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Cabinet discussed temporary ban on China tourists - Dzulkefly

CORONAVIRUS | Health Minister Dzulkefly Ahmad has admitted that a cabinet meeting yesterday discussed a suggestion to temporarily prohibit China tourists from visiting Malaysia.

However, he said the matter will be announced by Deputy Prime Minister Dr Wan Azizah Wan Ismail, who is also the chairperson of the National Disaster Management Agency (Nadma).

"Please wait for the announcement by the deputy prime minister and Nadma.

"We are always evaluating and assessing (the Covid-19 situation) based on information and evidence," Dzulkefly (above) said.

Asked if it's true that the suggestion involved putting a ban on China tourists from entering the country for a month, the minister declined to comment.

Malaysiakini has learnt that the cabinet had decided on the matter pending formal announcement by Nadma.

According to the World Health Organisation’s monitoring, 72 countries have implemented travel restrictions as of Feb 7 in a bid to contain the Covid-19 outbreak. Of these, only 23 had officially notified the WHO.

WHO chief Tedros Adhanom Ghebreyesus (below) had said measures that “unnecessarily interfere with international trade” are not needed to halt the virus, and other health experts have also questioned the need for large-scale restrictions on international travel.

Instead, WHO’s advisory document advocated screening travellers at border crossings, isolating suspected cases, and conducting awareness campaigns.

“WHO advises against the application of any restrictions of international traffic based on the information currently available on this event,” the advisory states.

Last week, an international group of global health law experts also argued that the international travel restrictions have no scientific basis and violates international law.

Specifically, the group of 16 scholars said Article 43 of the International Health Regulations 2005 - which is legally binding on the WHO and all countries - restricts parties to the regulations to implementing measures that are “supported by science, commensurate with the risks involved, and anchored in human rights.”

The IHR is intended to dissuade countries from taking needless measures that could harm people, and disincentivise countries from reporting new health risks to international public health authorities, they said, in a commentary published in the prominent medical journal The Lancet on Feb 13.

Among others, Article 42.2 of the IHR stipulates that additional health measures implemented in response to a public health emergency must be based on scientific principles and evidence, and advise of the WHO, and cannot be a mere “precaution”.

“Many of the travel restrictions being implemented during the Covid-19 outbreak are not supported by science or the WHO.

“Travel restrictions for these kinds of viruses have been challenged by public health researchers and WHO has advised against travel restrictions, arguing they cause more harm than good.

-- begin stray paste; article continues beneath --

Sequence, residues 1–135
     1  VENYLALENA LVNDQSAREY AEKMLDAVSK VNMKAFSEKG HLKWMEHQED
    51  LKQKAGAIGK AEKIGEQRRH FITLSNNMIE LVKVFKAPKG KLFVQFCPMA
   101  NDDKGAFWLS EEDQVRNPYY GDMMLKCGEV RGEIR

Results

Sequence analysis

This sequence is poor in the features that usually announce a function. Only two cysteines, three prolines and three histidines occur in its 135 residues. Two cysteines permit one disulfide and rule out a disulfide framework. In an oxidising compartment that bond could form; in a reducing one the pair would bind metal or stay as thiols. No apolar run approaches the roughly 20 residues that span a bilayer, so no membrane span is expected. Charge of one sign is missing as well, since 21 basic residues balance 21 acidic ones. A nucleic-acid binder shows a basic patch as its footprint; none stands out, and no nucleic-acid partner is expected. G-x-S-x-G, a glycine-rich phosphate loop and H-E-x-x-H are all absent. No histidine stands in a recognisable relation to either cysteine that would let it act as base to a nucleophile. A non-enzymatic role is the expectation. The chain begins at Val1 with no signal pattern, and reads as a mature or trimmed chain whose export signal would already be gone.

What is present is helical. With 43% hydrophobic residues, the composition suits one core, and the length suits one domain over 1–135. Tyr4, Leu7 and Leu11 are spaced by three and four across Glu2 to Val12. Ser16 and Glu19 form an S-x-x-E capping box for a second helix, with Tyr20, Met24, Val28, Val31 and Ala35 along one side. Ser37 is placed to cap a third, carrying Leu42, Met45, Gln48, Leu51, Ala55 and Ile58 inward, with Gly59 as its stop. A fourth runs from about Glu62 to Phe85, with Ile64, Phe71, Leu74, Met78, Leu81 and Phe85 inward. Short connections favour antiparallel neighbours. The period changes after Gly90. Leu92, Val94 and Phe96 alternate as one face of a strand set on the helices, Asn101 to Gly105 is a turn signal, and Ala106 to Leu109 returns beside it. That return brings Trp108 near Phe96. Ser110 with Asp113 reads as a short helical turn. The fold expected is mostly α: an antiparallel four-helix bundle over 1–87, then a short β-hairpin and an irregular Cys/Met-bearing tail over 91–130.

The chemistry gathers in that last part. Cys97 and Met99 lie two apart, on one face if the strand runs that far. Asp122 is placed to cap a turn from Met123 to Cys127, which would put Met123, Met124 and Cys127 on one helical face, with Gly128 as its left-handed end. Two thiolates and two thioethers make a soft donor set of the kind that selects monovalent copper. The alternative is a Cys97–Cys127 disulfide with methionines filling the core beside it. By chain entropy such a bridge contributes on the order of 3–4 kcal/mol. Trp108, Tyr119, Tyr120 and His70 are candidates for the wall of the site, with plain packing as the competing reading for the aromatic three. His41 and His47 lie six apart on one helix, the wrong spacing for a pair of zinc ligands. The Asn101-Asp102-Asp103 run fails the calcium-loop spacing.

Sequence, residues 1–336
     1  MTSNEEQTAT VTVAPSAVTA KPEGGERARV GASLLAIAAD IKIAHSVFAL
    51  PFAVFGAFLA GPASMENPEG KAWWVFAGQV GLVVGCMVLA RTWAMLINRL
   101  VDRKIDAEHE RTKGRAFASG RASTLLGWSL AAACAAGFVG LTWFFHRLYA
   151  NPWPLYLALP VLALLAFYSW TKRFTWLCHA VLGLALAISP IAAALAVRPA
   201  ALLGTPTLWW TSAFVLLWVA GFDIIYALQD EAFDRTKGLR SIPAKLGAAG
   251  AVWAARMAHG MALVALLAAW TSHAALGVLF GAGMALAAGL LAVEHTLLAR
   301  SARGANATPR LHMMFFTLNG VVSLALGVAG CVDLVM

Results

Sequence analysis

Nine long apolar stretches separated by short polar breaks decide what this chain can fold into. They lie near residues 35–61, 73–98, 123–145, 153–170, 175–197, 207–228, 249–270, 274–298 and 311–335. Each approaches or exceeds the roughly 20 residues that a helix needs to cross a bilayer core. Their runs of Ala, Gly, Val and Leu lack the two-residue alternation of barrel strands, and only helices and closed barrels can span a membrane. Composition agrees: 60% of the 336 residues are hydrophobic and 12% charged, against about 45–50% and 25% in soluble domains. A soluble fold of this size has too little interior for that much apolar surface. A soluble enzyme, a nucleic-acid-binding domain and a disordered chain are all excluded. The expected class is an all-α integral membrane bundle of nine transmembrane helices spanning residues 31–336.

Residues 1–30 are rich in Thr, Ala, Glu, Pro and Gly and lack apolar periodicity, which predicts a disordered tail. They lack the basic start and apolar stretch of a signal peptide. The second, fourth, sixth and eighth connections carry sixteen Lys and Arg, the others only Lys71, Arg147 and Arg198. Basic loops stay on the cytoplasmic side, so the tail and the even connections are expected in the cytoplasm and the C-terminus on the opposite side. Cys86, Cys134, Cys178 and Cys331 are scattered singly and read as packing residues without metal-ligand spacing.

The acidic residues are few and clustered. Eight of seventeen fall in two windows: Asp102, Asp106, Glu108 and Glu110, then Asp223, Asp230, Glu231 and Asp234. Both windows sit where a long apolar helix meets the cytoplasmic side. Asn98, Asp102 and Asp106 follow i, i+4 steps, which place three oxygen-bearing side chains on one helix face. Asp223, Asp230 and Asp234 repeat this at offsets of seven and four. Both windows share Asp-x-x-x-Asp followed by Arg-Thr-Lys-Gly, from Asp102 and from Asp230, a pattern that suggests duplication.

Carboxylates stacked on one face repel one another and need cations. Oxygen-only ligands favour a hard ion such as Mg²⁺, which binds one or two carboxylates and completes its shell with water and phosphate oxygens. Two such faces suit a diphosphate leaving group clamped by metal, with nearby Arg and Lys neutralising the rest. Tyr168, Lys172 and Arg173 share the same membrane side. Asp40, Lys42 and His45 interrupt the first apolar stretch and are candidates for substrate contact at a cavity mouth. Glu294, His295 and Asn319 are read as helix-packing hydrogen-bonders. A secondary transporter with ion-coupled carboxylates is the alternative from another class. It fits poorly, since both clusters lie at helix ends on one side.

“Some countries argue that they would rather be safe than sorry. But evidence belies the claim that illegal travel restrictions make countries safer.

“In the short term, travel restrictions prevent supplies from getting to affected areas, slow down the international public health response, stigmatise entire populations, and disproportionately harm the most vulnerable among us.

“In the longer term, countries selecting which international laws to follow encourages other countries to do the same, which in turn undermines the broader rules-based world order. Effective global governance is not possible when countries cannot depend on each other to comply with international agreements,” they said.

To back their arguments, they cited three studies that investigated the efficacy of travel restrictions in limiting the spread of influenza and Ebola virus.

One study on the spread of influenza in the US found that travel restriction imposed following the Sept 11, 2011 terrorist attach had slowed the spread of the virus by two weeks.

Another study that analysed 23 papers on effects of travel restrictions on the spread of influenza concluded that the restrictions would delay the spread of the disease, but cannot prevent it.

“Travel restrictions would make an extremely limited contribution to any policy for rapid containment of influenza at source during the first emergence of a pandemic virus,” the authors concluded.

The study on Ebola, meanwhile, concluded that travel restrictions would only delay the spread of the disease to new countries by a few weeks.

Meanwhile, deputy vice-chancellor (Research & Innovation) Norsaadah Abdul Rahman (photo), who was also at the event, refuted the allegation that some Universiti Malaysia volunteers were forced to attend to students from China.

"We have no evidence that the students were forced. There's no element of force.

"In fact, they were briefed several times by medical officers. If they had evidence, they can show to us," she briefly said.

On Feb 16, a media reported that a representative of UM volunteers expressed dissatisfaction over being asked to attend to students from China who are being housed at the 10th Residential College.

The report stated that 550 students from China had returned to the campus and registered on Feb 5.

The volunteer is said to have been involved in conducting body temperature screenings of the students.

Asked if the volunteers were also screened, Norsaadah said they were checked and tested by officers from the Health Ministry.

"The Health Ministry had come and checked. There is no issue and those students tested negative and they were on home surveillance," she said.

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Malaysiakini Team

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